By Alex Callinicos
THE ELECTIONS a fortnight ago marked a watershed in the life of Tony Blair's government. The bloom has faded from New Labour. It faces a tough fight in the general election that will almost certainly take place sometime next year. Despite Blair's boasts of having broken the mould of British politics, his plight fits into a familiar pattern. Both the last two Labour governments found themselves in a similar situation towards the end of their terms of office.
Harold Wilson's government in the late 1960s and James Callaghan's in the late 1970s disappointed what we now call Labour's "core" working class voters and so suffered a series of devastating defeats in local elections and parliamentary by-elections.
At the same time the Tory right sought to seize the initiative by pushing a racist, populist message. In March 1968 Enoch Powell made his notorious "rivers of blood" speech. Powell was sacked from the opposition shadow cabinet for this naked bid for the racist vote.
In January 1978 it was the Tory leader herself, Margaret Thatcher, who made a somewhat more subtle but unmistakable appeal to the same sentiments, saying, "People are really afraid that this country might be swamped by people with a different culture."
Today, with William Hague mounting an even more blatant campaign against asylum seekers, it looks like history is repeating itself. Does this mean we can expect to see an even more right wing Tory government emerging victorious from the next general election?
I doubt it. The Tories were more successful than Labour in mobilising their core voters a fortnight ago, but lost one of their safest seats at Romsey on a much higher poll. The memory of the hated Tory years is still very much alive. Alan Watkins argued in the Independent on Sunday that the election results indicate that "people were voting not only against the government but against party politics."
Undoubtedly the British political system is suffering a crisis of representation. Even on 1 May 1997 the turnout was low in inner-city Labour seats. Working class people look at all the main parties and see none which show any real understanding of their problems and aspirations. But what is happening isn't simply a popular withdrawal from official politics.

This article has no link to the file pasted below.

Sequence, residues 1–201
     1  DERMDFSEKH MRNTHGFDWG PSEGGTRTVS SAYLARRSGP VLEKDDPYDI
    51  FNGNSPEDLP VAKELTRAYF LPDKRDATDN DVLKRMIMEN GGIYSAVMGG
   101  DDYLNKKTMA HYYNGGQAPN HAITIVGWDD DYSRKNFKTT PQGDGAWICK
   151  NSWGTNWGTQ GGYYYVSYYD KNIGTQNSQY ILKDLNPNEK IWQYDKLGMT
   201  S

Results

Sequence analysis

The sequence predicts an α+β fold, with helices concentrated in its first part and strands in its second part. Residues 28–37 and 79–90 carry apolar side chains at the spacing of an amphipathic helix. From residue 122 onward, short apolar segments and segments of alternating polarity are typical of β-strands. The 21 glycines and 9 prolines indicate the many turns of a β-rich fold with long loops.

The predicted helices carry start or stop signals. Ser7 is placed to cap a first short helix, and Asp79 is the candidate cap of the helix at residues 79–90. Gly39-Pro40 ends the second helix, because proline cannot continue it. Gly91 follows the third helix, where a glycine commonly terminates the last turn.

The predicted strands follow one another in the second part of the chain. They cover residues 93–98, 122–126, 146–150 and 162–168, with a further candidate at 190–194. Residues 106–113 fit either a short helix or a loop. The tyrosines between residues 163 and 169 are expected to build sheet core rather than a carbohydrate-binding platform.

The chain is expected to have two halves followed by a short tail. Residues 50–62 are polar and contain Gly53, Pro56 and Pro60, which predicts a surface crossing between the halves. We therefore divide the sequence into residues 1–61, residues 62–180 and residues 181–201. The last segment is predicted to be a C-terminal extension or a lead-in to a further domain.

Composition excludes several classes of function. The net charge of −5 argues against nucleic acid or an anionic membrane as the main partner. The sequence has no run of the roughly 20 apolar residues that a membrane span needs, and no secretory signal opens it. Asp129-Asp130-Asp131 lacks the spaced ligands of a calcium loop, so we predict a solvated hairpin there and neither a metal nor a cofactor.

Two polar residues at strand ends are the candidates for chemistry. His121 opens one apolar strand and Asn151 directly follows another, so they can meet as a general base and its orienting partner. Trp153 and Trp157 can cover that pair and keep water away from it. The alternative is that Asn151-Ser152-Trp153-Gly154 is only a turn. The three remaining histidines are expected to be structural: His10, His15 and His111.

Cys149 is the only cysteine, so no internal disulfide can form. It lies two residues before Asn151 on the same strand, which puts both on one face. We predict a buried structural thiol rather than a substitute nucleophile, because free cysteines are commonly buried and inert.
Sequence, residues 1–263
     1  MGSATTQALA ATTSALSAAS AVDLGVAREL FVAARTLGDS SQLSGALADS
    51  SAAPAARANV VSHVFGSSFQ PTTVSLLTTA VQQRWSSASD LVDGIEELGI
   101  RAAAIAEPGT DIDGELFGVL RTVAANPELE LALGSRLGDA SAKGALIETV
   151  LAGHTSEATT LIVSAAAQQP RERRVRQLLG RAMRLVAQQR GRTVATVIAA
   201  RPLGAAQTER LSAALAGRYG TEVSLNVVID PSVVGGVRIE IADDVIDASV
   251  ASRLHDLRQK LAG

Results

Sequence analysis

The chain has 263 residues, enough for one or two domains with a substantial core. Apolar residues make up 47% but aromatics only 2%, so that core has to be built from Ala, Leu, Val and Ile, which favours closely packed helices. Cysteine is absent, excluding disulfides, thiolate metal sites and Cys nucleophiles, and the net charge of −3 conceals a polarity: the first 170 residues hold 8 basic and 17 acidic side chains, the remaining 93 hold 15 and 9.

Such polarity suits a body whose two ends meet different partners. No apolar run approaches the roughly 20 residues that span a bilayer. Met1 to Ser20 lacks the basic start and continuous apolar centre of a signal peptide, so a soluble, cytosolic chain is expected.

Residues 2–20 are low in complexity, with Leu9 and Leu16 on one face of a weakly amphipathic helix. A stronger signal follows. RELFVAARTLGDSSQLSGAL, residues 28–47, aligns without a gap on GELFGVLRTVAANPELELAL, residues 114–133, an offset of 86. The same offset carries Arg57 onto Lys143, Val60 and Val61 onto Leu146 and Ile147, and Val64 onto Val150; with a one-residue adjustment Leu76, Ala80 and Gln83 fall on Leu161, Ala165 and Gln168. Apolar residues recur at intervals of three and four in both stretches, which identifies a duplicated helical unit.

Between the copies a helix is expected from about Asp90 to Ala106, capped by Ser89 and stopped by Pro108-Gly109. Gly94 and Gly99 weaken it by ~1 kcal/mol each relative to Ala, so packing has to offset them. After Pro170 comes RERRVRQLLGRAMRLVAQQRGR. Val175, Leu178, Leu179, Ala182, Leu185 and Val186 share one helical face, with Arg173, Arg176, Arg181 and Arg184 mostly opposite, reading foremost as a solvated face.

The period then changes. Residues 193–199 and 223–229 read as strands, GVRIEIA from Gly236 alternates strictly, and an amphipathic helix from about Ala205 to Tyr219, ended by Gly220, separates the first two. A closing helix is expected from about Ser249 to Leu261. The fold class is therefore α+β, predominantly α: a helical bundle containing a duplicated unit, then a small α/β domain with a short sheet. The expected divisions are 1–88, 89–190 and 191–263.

In the most intelligent mainstream analysis of Ken Livingstone's victory in London, the Financial Times pointed out, "One of the contributing factors is a revival of the old left. "Mr Livingstone, arguably more populist-anarchist than socialist, has not changed greatly from when he typified the 'loony left' era as leader of the Greater London Council in the 1980s. His campaign drew backing from the London Socialist Alliance, a coalition including the Socialist Workers Party and the Communist Party of Great Britain."
The Financial Times went on to note "other straws in the wind", including Tommy Sheridan's impact as a socialist Member of the Scottish Parliament and the debacle New Labour has suffered in Wales. There are precedents also for this kind of left wing resurgence. Above all, the crisis of the Wilson government in the late 1960s saw the radicalisation-particularly as a result of the Vietnam War-of a generation of young people not just in Britain but throughout the Western world.
But there is an important difference this time. The far left organisations that emerged from this radicalisation-in Britain, chiefly the Socialist Workers Party-were relatively isolated from the great working class struggles of the day. The Labour government of 1974-9 was able to use the continued hold of Labourism on shopfloor militants to rein in these struggles. In doing so it laid the basis for Thatcher's assault on the workers' movement in the 1980s.
This time, however, New Labour's influence on workers is far weaker. The Rover demonstration in Birmingham on 1 April mobilised something like 80,000 manual industrial workers and their families, mainly from the West Midlands. The other big working class mobilisations of the past generation-the "Kill the Bill" demonstration in 1971, the unemployment marches in 1980, the protests over pit closures in 1992-took place under Tory governments.
This time workers were marching under, and against, a Labour administration. This situation means workers are much more open to socialist arguments to the left of Labour. The Rover demonstration was swamped with Socialist Worker placards. The brilliant results that the London Socialist Alliance achieved, particularly in the North East and Lambeth & Southwark constituencies, are part of the same pattern. This gives socialists an unprecedented opportunity. Three years of New Labour rule have accelerated the decay of the Labourist monolith.